Oct 302011
 

I recall the point during the development of handheld electronics when electronic spellers first became available.  Now these weren’t dictionaries; they didn’t have definitions or pronunciation guides.  They just showed you how to spell words.  They’re still out there, now that I look.

I can remember thinking “wow, what a dumb product.  It’s possible to bring such a thing to market for a small amount of money, so they are.  No one asked the question this answers.”

I try hard to cultivate a similar skepticism now, with all of the electronic offerings available to us.  We’re being hit with so many choices, and so rapidly.  I think sometimes it’s easy, and even natural, to forget to think about whether the choices are even ones we want to make.  “Do I really want to do that?  Or does someone with a financial interest in me thinking I want to do that want me to do that?”

When I figured out I could upload my entire music collection to the Amazon.com cloud, and then access it at my leisure on my phone without needing 75+ GB of local storage, that was cool.  That fits the way I want to operate.  When a song or album in my collection pops in my head and I want to hear it, two finger taps, and I’m hearing it.  That rocks.  Bring that.

Conversely, I saw a Siri commercial this week that invites me to think it’s indispensable, when it isn’t.  Mr. Busy Guy is clipping along and says to his phone “what does my day look like?”  Then Miss Aerobicized wants to know “will I need an umbrella in Boston this weekend?” or something.

Now I guess that may be superficially appealing, but pick at it a bit.  Don’t we have extremely effective answers in hand for these questions already?  How hard is it to check the Boston weather forecast?  To look at your calendar?  Am I to believe that Mr. Busy Guy is so unbelievably strapped that he hasn’t two spare seconds to click an icon and look at his schedule himself?

Think a bit further.  Have you real confidence in the quality of these answers?  The whole “talk to the computer” model, while a science fiction mainstay, really hasn’t taken off.  It’s truer than ever that computers are only as smart as we make them.

So how good could Siri be?  Can’t you kind of see the man behind the curtain, no matter what Siri comes up with?  Can’t you correlate its results effortlessly with what you might have been able to get from a search engine yourself?  Would that have really taken much longer?  Do you have any problem getting exactly what you need from such a results list?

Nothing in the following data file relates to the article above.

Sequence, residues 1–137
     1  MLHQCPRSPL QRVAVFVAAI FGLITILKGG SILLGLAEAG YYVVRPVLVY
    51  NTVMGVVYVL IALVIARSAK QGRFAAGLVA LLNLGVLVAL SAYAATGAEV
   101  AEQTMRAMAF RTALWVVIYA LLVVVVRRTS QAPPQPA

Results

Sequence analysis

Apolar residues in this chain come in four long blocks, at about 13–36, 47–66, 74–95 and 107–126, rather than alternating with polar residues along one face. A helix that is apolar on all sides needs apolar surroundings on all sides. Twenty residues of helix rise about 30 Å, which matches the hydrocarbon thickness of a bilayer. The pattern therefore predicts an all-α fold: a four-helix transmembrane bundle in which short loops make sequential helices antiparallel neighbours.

Are you getting something you want?  Or something someone wants you to think you want?

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 Posted by at 5:53 pm

  9 Responses to “Inflicted technological choices”

  1. I dunno. I still use a wristwatch, a paper calendar, and read real, printed books. Partly because I don’t have the income for all these electronic gadgets that are out of date right out of the box; partly because dang it – I like it that way.

  2. Oh, I feel ya, Kelly—particularly on the watch thing. 🙂

  3. You can upload all your music to amazon cloud?

  4. But it’s so cool!!!

  5. Terri, I’m not sure what the threshold is, but if you buy MP3s at Amazon.com, at some point they’ll come to you and say “yeah, you have unlimited space for music at no charge, even if you didn’t buy it here.” (Note that even when you do have a limit, MP3s purchased at Amazon.com do not count toward it.)

    Carol, if you think a certain something is cool, great! Just make sure you do think it’s cool. 🙂 I think that with technology toys in particular, it’s easy to buy something because you’re supposed to buy it.

  6. I fought buying the iPhone for the longest time. I didn’t want to be on that bandwagon. But when my upgrade came along, well, I checked it out and I LOVE IT.

  7. Ditto Carol – I absolutely was anti-iPhone for the longest time. Didn’t want to be a bandwagoner either! But, I finally succumbed, due to my son’s constant urging, and I LOVE MY iPHONE!!!

  8. Ba-a-a-a-a-a-a-a-a-a-a

  9. Now don’t go insulting the sheep….

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